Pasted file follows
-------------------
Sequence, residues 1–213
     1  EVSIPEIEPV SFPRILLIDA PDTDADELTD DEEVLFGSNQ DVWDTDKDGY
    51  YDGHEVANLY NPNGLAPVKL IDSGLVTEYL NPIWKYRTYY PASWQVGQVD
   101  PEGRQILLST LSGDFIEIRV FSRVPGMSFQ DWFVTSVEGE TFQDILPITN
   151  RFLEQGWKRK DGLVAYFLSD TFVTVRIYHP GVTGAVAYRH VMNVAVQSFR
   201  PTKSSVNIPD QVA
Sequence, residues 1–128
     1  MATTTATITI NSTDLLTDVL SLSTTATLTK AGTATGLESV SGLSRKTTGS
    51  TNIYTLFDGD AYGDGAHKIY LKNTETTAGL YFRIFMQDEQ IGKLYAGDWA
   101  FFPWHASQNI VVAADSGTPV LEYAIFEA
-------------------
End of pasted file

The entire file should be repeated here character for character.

Sequence, residues 1–213
     1  EVSIPEIEPV SFPRILLIDA PDTDADELTD DEEVLFGSNQ DVWDTDKDGY
    51  YDGHEVANLY NPNGLAPVKL IDSGLVTEYL NPIWKYRTYY PASWQVGQVD
   101  PEGRQILLST LSGDFIEIRV FSRVPGMSFQ DWFVTSVEGE TFQDILPITN
   151  RFLEQGWKRK DGLVAYFLSD TFVTVRIYHP GVTGAVAYRH VMNVAVQSFR
   201  PTKSSVNIPD QVA
Sequence, residues 1–128
     1  MATTTATITI NSTDLLTDVL SLSTTATLTK AGTATGLESV SGLSRKTTGS
    51  TNIYTLFDGD AYGDGAHKIY LKNTETTAGL YFRIFMQDEQ IGKLYAGDWA
   101  FFPWHASQNI VVAADSGTPV LEYAIFEA